March 16, 2022
By Hilary Russ
NEW YORK (Reuters) -Starbucks’ longtime former Chief Executive Officer Howard Schultz will return temporarily after Kevin Johnson said on Wednesday that he will retire from the role on April 4, as a unionization drive at U.S. cafes heats up.
Shares of the coffee chain surged 7% on the news.
Schultz is practically synonymous with the company he took over in 1987. He expanded it into a coffee behemoth that made venti cappuccinos a global phenomenon.
“Schultz is a revered leader and uniquely well-qualified to steward” the company, said Credit Suisse analyst Lauren Silberman. This will be his third tour of duty heading Starbucks.
The company said it would provide more information during its annual shareholder meeting later on Wednesday. The board expects to have selected a new leader by the fall, with help from executive search firm Russell Reynolds Associates, which it enlisted in 2021.
Johnson signaled to the board of directors a year ago that he might retire when the COVID-19 pandemic waned, he said in a company statement.
Johnson, who is 61, has been at Starbucks for 13 years, the last five as CEO.
After the pandemic shuttered Starbucks cafes around the globe, the company, under Johnson’s watch, said it would start building some smaller stores with less room for seating and more emphasis on to-go and drive-thru orders.
Customers also placed more orders through the Starbucks mobile app, but that has led to long lines and overworked employees in some areas.
That barista burnout, as well as accusations by some workers that they were not getting enough protection from the deadly virus when at work, contributed to a surge of union organizing in U.S. locations.
On Tuesday, a federal labor board accused Starbucks of unlawfully retaliating against two employees in a Phoenix, Arizona, cafe for trying to unionize their store.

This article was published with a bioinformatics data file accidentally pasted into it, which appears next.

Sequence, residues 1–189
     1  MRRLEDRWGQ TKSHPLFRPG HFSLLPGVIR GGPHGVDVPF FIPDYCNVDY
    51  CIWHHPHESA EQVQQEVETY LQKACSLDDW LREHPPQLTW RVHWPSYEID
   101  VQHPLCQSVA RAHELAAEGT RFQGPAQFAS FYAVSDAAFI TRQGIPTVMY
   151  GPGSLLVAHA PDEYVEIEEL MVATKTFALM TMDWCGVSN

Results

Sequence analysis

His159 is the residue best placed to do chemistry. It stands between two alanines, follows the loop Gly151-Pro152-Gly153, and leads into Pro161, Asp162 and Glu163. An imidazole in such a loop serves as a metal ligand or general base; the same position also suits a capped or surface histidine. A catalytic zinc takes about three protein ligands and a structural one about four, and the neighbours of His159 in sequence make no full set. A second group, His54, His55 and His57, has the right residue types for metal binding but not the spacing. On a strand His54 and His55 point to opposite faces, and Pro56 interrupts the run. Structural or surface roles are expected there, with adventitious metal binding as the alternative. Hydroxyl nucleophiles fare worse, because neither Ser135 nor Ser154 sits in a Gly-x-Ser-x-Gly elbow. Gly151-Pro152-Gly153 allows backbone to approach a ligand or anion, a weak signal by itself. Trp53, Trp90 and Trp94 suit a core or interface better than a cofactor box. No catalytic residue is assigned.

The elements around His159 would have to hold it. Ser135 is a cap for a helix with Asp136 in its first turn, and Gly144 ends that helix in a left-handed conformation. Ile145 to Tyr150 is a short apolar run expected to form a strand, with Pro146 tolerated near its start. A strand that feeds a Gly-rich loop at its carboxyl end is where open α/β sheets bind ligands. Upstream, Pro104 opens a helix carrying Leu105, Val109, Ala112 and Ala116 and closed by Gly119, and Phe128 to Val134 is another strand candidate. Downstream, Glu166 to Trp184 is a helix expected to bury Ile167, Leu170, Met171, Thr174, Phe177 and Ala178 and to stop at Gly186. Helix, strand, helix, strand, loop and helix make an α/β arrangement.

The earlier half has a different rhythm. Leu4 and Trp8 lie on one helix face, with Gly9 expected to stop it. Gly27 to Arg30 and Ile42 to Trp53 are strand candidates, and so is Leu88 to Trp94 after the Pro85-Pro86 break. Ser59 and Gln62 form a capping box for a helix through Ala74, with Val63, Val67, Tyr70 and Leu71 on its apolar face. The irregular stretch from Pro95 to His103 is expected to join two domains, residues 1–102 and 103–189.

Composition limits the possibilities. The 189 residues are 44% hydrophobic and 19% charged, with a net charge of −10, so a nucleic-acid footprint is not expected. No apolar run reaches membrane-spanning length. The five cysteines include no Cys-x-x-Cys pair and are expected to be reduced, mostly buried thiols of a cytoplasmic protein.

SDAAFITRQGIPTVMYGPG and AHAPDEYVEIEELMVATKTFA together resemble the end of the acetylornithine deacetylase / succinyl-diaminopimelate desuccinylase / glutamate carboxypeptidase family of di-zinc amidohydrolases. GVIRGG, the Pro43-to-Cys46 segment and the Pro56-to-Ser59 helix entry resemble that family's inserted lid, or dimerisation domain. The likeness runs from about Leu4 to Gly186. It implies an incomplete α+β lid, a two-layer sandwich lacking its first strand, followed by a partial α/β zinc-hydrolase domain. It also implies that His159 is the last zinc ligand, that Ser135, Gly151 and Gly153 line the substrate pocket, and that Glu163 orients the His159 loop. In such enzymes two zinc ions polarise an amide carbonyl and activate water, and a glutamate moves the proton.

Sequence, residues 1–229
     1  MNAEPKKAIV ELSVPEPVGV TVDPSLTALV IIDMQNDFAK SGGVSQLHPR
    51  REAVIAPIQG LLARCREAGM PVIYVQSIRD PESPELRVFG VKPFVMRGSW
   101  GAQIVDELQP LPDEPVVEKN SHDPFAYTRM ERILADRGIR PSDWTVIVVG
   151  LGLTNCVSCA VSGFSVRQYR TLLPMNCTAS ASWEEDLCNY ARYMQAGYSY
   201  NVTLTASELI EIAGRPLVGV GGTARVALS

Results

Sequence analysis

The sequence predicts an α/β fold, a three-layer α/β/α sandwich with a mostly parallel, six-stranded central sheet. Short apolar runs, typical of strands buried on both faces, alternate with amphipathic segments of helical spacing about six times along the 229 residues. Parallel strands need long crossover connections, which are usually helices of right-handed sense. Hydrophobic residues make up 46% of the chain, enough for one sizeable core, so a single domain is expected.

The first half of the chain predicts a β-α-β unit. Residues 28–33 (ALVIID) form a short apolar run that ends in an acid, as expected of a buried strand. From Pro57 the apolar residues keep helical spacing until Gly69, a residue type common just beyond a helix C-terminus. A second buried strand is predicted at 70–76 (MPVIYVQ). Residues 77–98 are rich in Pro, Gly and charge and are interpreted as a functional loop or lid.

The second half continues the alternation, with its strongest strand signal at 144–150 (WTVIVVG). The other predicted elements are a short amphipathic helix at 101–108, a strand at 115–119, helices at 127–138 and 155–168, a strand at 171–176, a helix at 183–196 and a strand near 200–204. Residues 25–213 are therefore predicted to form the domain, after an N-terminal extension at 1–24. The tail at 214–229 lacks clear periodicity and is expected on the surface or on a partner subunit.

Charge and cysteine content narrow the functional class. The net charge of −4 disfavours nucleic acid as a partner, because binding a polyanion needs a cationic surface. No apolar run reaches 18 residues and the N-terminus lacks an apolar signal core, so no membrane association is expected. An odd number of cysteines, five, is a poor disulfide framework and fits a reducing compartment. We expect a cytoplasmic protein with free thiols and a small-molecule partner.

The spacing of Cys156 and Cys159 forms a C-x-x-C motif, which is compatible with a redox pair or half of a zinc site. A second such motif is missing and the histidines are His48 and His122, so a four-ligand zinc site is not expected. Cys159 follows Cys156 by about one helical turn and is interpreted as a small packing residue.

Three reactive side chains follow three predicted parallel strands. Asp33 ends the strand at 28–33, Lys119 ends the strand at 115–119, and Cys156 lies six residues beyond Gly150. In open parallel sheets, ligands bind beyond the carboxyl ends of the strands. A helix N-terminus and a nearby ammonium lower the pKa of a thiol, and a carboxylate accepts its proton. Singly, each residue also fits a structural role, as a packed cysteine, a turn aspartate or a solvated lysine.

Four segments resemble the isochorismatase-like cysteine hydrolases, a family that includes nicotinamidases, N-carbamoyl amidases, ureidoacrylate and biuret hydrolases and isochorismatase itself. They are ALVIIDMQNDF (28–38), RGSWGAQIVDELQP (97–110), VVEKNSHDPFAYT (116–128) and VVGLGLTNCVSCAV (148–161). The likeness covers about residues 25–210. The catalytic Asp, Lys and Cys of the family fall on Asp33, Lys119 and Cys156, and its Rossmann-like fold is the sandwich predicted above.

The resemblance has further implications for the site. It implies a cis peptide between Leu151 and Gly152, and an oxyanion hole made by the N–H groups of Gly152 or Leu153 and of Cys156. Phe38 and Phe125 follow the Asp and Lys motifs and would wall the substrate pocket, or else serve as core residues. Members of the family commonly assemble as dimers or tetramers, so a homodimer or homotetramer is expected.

The same day, a group of investors with $3.4 trillion under management urged the company to stop sending anti-union communications to its employees and to adopt a neutral policy towards unions.
The group, led by Trillium Asset Management and SOC Investment Group, said Starbucks risked damaging its positive reputation as a pro-employee brand by fighting the union.
Schultz has long said Starbucks did not need unions because it works so closely with employees, whom it calls “partners.”
He has already had a run-in with Workers United, the union now representing employees at six stores. Employees at more than 140 stores in 27 states have asked for union elections in the last 7 months.
In November, Schultz spoke to employees who had been ordered to a large meeting with managers in Buffalo, where the first of Starbucks’ 9,000 U.S. company locations were deciding whether to join the union.
In the meeting, Schultz likened Starbucks’ pro-employee stance to Holocaust prisoners in concentration camps sharing blankets, according to media reports. The remarks led to backlash on social media.
“Schultz came to Buffalo to union-bust,” wrote union organizer Jaz Brisack on Twitter after the news. “His takeover is another move in Starbucks’ ideological war on unions.”
Johnson took the helm after Schultz resigned in 2017.
In a letter to employees on Wednesday, Johnson said that he has “fond memories of making beverages together, laughing together, and sharing stories with one another.”
Starbucks will “attract high-quality CEO candidates given its culture, global brand recognition and strong growth outlook,” said BMO Capital Markets analyst Andrew Strelzik.
Because Johnson had previously worked in technology – at Microsoft and Juniper Networks – the board’s search is likely to be broad. However, “we prefer to see an incoming CEO with strong consumer industry experience,” Strelzik said.
The CEOs of Domino’s Pizza and Wingstop also resigned in the last two weeks.
Former Starbucks chief operating officer Troy Alstead, who left in 2016, “was beloved by the investment community” and “ought to be on the short list” for the CEO role, Cowen analyst Andrew Charles said.
Several internal candidates could be considered, but “unionization publicity could be a factor pushing the company to look externally,” Charles said.
(Reporting by Hilary Russ; editing by Jason Neely and Nick Zieminski)